One of the world’s biggest high-frequency traders has shelved plans for a $3bn (£1.8bn) float amid an FBI probe and a furore whipped up by bestselling financial author Michael Lewis’s exposé of the controversial practice.
Virtu Financial had planned to raise about $200m by listing shares in New York, valuing it at around $3bn. But the planned offering, due next week, has now been postponed following a welter of unfavourable publicity.
Mr Lewis’s Flash Boys: A Wall Street Revolt paints a damning picture of high-frequency trading. The book sold 130,000 copies in its first week in the US this month.
The reaction to Flash Boys and various investigations into high-frequency trading in the US by the FBI and New York attorney general, Eric Schneiderman, coincided with Virtu’s planned float. It had planned to market the float earlier this month but this is now reported to have been delayed indefinitely; Virtu was unavailable for comment. It is understood that the trader has not withdrawn the paperwork for the float, so it could be restarted when market conditions are more favourable.
Mr Schneiderman has subpoenaed six high-frequency trading firms including Chopper Trading and Tower Research Capital, and sent a letter to Virtu requesting information.
Concerns have been raised over HFT – when dealers trade in extremely high volumes and buy and sell shares in a millisecond using complex algorithms to profit from minute price discrepancies across markets. Mr Lewis, and opponents of the practice, claim the stock market has been “rigged” by tech-savvy insiders using supercomputers and high-speed networks, which allow them to buy stocks milliseconds in advance of investors who had made the original order, pushing up the price.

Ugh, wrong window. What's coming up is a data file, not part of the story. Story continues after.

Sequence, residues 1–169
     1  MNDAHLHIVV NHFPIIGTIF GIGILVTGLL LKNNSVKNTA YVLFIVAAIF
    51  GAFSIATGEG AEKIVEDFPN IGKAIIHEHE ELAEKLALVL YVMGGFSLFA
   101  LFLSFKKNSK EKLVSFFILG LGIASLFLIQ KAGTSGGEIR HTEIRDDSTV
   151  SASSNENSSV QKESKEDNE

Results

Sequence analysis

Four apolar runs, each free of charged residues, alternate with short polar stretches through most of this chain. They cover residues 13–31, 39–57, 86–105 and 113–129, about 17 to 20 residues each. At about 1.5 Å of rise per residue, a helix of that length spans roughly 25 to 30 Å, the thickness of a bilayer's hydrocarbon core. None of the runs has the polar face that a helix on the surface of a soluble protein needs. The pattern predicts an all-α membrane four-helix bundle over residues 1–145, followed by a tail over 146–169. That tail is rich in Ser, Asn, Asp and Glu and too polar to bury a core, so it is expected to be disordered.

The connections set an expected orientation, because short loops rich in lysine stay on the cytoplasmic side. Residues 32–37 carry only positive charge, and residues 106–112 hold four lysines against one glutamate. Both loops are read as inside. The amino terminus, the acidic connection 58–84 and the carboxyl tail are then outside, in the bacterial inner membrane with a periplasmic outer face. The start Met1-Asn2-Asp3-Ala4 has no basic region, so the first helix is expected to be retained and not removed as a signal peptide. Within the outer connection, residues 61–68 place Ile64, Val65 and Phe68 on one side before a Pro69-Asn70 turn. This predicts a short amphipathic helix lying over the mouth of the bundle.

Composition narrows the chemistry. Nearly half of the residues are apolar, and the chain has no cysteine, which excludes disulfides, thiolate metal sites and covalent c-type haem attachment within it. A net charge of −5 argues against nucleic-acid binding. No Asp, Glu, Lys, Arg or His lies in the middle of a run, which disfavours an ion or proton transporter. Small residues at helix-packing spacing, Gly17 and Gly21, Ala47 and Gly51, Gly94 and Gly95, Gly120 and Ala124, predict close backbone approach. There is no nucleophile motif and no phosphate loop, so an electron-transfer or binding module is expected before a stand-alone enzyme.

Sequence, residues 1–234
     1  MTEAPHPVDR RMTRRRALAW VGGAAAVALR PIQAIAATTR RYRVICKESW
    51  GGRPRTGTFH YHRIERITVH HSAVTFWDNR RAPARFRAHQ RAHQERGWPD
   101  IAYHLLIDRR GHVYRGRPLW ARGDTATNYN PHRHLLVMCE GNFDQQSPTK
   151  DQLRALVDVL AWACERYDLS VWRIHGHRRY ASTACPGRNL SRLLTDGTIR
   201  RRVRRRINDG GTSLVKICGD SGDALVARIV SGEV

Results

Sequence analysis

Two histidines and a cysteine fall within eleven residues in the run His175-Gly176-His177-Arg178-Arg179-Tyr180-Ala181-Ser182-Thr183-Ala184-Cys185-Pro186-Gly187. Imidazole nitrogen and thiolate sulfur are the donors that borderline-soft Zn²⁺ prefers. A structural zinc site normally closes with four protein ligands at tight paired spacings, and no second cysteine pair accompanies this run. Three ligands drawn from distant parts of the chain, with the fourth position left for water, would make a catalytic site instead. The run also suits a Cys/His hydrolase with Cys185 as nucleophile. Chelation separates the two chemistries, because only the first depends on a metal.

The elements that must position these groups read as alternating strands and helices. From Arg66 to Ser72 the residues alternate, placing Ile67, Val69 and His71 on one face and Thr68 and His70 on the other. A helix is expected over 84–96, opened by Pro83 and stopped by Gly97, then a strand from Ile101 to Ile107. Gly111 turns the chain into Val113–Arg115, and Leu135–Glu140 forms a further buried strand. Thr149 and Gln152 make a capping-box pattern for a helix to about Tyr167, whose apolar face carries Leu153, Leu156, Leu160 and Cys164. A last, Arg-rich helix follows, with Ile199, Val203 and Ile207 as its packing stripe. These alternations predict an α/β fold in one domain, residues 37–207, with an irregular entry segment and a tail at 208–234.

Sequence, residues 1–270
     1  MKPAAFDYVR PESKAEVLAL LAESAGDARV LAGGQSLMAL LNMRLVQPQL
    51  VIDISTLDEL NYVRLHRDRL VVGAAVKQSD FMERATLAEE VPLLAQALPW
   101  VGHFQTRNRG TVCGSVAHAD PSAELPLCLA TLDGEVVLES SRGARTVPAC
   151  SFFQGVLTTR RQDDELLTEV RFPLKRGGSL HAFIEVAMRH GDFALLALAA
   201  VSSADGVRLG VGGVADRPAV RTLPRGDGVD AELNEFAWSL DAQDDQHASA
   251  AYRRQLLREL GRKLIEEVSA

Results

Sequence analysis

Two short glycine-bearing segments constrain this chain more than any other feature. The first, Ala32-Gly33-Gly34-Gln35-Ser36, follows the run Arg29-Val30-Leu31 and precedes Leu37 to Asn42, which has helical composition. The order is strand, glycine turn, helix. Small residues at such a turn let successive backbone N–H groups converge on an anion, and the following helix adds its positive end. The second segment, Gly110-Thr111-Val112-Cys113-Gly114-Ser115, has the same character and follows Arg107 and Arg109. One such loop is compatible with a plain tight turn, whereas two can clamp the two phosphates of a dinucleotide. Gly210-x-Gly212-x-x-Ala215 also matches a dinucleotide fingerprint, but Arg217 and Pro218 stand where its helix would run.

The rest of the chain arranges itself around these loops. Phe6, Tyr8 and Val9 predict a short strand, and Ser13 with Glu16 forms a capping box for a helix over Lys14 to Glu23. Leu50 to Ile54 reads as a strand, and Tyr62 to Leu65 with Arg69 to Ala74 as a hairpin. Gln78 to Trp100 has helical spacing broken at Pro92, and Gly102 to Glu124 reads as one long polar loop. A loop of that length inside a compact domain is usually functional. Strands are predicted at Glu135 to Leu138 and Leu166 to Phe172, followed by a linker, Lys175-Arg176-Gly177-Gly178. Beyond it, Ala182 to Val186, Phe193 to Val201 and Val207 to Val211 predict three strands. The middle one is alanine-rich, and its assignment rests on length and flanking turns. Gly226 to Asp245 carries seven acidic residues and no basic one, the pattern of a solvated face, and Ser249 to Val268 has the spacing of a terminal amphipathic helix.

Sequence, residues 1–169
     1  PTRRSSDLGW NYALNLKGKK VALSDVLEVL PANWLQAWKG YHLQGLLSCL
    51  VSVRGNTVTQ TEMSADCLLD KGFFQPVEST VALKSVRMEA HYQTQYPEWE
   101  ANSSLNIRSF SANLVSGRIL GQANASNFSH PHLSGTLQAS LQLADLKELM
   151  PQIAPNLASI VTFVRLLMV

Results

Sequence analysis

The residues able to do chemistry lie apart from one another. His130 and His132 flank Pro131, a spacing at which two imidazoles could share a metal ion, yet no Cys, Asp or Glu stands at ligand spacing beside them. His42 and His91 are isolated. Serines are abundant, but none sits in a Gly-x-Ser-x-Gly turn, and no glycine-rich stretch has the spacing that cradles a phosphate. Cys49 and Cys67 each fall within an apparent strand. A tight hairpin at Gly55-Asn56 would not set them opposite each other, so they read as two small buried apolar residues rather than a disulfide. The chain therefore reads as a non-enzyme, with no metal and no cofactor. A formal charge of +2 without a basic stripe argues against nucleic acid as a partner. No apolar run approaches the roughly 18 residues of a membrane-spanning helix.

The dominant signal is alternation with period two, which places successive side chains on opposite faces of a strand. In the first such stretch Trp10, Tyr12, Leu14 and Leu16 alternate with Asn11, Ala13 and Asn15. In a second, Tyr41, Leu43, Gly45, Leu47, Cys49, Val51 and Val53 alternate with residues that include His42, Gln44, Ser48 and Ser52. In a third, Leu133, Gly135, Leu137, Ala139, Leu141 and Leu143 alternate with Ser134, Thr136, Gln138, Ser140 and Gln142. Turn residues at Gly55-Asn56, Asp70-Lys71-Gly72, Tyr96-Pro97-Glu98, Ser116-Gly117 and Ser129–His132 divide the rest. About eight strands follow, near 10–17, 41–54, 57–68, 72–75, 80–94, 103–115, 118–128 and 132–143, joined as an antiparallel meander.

But supporters of high-speed dealing defend it as a way to introduce more liquidity into a stock market. Madison Avenue-based Virtu said it has “humble beginnings” in the New York Mercantile Exchange, where its founder Vincent “Vinnie” Viola began his career. Mr Viola was chairman of the Nymex between 2001 and 2004; he set up Virtu in 2008.
Virtu’s move comes after the European Union set out plans for stricter regulation of high-frequency trading earlier this week. Financial services commissioner Michel Barnier said the practice had benefits but “we need to make sure that it doesn’t cause instability”.
The new EU rules will force traders to have their algorithms tested and be subject to regulation, and the minimum increments in prices at which shares trade from becoming too small to prevent a race to the bottom, where trading platforms offer the smallest tick sizes to attract high-speed traders. Marketmakers who quote buy and sell prices for shares will also be obliged to remain in the market for a minimum period to ensure liquidity and prevent volatility.
However, proposals for a “minimum resting period” originally demanded by the EU – which would have required a share order to stay on an order book for 500 milliseconds and effectively kill off HFT – were dropped last year.